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Here is my attempted approach to prove that the discriminant $\triangle = 4a^3+27b^2$ of an elliptic curve in the form of $y^2 = x^3 + ax +b$ is zero. I have a problem at the end which doesn't bring me to the expected conclusion. Below is the process, please let me know the error in the process. I try to approach this from the definition of non-singularity (part of the definition of an elliptic curve), which is equivalent to the statement: the equation $y^2 = x^3 + ax +b$ is differentiable everywhere on the graph. From that definition, I try to derive the derivative of $y$ in respect to $x$ through implicit differentiation: \begin{align} y^2 &= x^3+ax+b\\ \label{ref1} 2yy' &= 3x^2+a\\ y' &= \frac{3x^2+a}{2y} \end{align} If the graph is singular, then $y'$ does not exist, in other words: \begin{align} 2y &= 0\\ 3x^2+a &\neq 0 \end{align} I replace $y = 0$ in the equation of elliptic curve which yields \begin{equation} 0 \ = \ x^3 + ax + b \end{equation} I apply Cardano's method, who realize that the form could be represented as \begin{equation} (\alpha-\beta)^3 + 3\alpha\beta(\alpha-\beta) = \alpha^3 - \beta^3 \end{equation} in which \begin{align} \alpha\beta &= \frac{a}{3} \\ \alpha^3 - \beta^3 &= -b \end{align} By substituting $\alpha = \frac{a}{3\beta}$ in the second equation from above, I obtain \begin{equation} (\frac{a}{3\beta})^3 - \beta^3 = -b \end{equation} I further simplify this by considering $\beta^3$ as a whole, i.e. \begin{align} \frac{a^3}{27}-\beta^6 &= -b\beta^3\\ (\beta^3)^2 - b\beta^3 -\frac{a^3}{27} &= 0 \end{align} By quadratic formula, \begin{equation} \beta^3 = \frac{b\pm \sqrt{b^2+\frac{4a^3}{27}}}{2} = \frac{b}{2} \pm \sqrt{\frac{b^2}{4}+\frac{a^3}{27}} \end{equation} From $\alpha^3 - \beta^3 = -b$, I get \begin{equation} \alpha^3 = \beta^3 - b = -\frac{b}{2} \pm \sqrt{\frac{b^2}{4}+\frac{a^3}{27}} \end{equation} From $3x^2+a \neq 0$: \begin{equation} 3\left(\left(-\frac{b}{2} \pm \sqrt{\frac{b^2}{4}+\frac{a^3}{27}}\right)^\frac{1}{3} - \left(\frac{b}{2} \pm \sqrt{\frac{b^2}{4}+\frac{a^3}{27}}\right)^\frac{1}{3}\right)^2 + a \neq0 \end{equation} The equation above is from $3(\alpha-\beta)^2+a \neq 0$. By De Moivre's Formula there are two other equations, $3\left(\alpha(\frac{-1}{2}+\frac{\sqrt{3}i}{2})-\beta(\frac{-1}{2}+\frac{\sqrt{3}i}{2})\right)^2+a \neq 0$ and $3\left(\alpha(\frac{-1}{2}+\frac{\sqrt{3}i}{2})^2-\beta(\frac{-1}{2}+\frac{\sqrt{3}i}{2})\right)^2+a \neq 0$. These result in several representations of b in terms of a and one integer solution, $a=0,b=0$ shouldn't exist at the same time, $b\neq\pm \frac{2ia^{3/2}}{3\sqrt{3}}$. These two meet my expectation, $\triangle = 0$. However, there are other four representations that do not meet my expectation $b \neq \pm \sqrt{\frac{a^3}{54}\pm\frac{5ia^3}{6\sqrt{3}}}$ and $b \neq \pm \sqrt{\frac{a^3}{54}\mp\frac{5ia^3}{6\sqrt{3}}}$. I also try to see what I could get from \begin{equation} 3\left(\left(-\frac{b}{2}\right)^\frac{1}{3} - \left(\frac{b}{2}\right)^\frac{1}{3}\right)^2 + a \neq0 \end{equation} which yields that $a=0,b=0$ shouldn't exist at the same time, or $b\neq\pm \frac{2ia^{3/2}}{3\sqrt{3}}$ these satisfy $\triangle = 0$ and also a weird pair of $b \neq \pm \frac{ia^{3/2}}{12\sqrt{3}}$, which doesn't even satisfy $\triangle = 0$. Could someone explain this?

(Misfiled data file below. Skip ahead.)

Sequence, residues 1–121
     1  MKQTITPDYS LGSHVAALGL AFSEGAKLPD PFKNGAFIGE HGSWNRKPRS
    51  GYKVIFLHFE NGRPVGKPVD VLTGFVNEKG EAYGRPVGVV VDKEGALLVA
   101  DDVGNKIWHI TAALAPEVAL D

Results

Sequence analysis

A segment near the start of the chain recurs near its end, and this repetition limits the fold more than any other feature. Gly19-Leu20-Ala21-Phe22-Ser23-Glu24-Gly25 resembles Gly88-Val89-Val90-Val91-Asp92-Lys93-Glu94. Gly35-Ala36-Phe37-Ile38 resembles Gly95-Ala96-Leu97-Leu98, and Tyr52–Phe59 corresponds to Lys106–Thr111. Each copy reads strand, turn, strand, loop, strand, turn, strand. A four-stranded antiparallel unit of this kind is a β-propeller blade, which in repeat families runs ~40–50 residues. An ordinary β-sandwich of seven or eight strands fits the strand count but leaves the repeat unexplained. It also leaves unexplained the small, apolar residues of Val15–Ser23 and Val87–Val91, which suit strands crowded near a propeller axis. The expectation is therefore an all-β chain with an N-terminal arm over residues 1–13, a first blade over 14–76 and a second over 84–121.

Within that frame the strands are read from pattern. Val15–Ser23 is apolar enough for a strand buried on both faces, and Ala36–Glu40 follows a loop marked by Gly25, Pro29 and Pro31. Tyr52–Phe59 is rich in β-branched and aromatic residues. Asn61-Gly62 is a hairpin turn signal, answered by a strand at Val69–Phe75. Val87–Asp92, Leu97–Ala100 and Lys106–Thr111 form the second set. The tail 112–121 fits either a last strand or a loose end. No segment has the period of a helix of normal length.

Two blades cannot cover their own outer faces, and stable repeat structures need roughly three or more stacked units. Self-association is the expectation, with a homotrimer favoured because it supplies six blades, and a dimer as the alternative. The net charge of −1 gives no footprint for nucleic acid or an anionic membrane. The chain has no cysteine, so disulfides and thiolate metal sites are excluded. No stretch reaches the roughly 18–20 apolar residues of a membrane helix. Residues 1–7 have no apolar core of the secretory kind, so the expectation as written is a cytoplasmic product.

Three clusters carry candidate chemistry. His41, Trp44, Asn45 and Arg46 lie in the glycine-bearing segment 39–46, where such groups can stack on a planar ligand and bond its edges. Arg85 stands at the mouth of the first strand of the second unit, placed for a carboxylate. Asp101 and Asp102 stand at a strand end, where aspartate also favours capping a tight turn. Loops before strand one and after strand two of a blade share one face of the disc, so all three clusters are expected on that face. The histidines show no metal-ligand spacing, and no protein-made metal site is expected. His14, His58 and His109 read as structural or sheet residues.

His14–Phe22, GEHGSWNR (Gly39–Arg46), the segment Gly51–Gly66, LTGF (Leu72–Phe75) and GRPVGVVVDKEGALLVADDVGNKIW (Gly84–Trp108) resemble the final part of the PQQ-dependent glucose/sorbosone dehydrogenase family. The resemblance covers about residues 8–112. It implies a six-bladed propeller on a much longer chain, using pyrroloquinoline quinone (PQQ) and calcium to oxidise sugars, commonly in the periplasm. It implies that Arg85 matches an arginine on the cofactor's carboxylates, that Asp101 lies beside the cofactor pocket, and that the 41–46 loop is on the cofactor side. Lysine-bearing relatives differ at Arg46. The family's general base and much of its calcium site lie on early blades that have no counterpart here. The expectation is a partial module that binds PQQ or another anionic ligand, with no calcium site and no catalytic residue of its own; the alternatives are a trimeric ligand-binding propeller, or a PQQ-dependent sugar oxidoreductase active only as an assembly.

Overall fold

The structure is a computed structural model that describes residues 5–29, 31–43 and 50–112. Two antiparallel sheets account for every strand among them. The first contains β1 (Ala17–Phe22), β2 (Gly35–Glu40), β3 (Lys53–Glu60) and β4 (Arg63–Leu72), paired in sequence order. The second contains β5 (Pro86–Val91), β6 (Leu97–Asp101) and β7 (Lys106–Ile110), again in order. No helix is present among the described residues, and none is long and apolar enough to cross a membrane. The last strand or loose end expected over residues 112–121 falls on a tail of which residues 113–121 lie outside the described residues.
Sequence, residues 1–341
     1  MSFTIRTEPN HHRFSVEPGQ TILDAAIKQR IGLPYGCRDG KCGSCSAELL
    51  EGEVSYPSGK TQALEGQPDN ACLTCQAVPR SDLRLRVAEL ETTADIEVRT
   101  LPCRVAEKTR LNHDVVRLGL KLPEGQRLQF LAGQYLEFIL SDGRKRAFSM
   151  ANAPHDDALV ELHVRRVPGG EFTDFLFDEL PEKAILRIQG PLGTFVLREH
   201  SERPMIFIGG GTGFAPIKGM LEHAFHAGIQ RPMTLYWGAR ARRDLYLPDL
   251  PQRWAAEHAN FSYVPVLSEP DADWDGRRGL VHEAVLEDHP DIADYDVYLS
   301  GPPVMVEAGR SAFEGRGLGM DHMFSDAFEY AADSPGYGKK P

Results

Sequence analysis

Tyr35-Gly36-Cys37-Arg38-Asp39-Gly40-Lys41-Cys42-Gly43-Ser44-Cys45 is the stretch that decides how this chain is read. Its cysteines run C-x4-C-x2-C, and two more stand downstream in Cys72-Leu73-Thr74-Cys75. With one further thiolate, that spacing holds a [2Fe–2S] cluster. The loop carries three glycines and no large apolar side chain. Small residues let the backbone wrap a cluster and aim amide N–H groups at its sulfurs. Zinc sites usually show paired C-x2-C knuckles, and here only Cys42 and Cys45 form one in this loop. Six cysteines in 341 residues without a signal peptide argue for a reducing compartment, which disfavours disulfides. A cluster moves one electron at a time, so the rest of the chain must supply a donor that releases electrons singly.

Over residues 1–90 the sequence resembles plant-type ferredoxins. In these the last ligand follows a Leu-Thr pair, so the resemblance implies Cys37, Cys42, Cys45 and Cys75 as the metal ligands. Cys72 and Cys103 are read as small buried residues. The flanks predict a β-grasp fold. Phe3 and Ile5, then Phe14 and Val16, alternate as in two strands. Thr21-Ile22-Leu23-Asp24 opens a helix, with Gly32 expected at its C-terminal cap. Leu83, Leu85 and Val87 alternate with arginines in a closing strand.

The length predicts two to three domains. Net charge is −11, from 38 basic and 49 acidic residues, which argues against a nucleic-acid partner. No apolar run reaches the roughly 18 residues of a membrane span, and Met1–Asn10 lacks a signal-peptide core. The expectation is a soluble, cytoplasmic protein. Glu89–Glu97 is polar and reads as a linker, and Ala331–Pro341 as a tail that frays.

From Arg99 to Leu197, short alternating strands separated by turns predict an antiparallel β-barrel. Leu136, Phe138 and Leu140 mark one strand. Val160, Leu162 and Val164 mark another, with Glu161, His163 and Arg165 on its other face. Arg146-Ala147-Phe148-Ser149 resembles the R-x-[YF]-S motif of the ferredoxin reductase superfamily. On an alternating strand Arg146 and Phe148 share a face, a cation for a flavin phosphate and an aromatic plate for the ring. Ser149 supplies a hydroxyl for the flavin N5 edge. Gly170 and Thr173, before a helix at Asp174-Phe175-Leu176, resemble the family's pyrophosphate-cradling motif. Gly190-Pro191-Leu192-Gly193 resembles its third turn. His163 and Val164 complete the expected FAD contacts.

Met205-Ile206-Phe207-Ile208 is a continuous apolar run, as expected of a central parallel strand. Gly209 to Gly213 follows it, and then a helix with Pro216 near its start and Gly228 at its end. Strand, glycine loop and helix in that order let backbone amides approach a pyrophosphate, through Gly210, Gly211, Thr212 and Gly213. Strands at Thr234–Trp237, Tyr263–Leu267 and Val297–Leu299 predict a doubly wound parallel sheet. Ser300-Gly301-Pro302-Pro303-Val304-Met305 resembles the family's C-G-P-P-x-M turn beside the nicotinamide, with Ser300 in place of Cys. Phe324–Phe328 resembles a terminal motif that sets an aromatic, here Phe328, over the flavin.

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When $3x^2 + a \ne0$ and $2y = 0$, the curve is still nonsingular, its just that the slope of the tangent line is infinite. The singularity occurs when $$3x^2 + a = 0 \text{ and } 2y =0$$ simultaneously i.e. $a = - 3x^2$ so $0 = x^3 + (-3x^2)x + b$ giving $$ b = 2x^3$$ this is what leads to the equation $$27b^2 + 4a^3 = 0$$

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